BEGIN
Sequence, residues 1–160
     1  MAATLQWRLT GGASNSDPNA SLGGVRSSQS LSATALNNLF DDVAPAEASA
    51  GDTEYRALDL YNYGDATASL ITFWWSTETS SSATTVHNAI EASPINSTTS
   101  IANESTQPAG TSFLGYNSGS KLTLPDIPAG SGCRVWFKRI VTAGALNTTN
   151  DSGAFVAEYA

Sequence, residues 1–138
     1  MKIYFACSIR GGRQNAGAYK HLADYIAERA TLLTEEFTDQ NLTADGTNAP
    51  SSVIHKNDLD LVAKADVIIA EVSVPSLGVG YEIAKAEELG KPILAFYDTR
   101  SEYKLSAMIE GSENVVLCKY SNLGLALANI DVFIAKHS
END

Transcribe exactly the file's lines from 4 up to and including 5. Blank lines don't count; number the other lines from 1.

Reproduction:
   101  IANESTQPAG TSFLGYNSGS KLTLPDIPAG SGCRVWFKRI VTAGALNTTN
   151  DSGAFVAEYA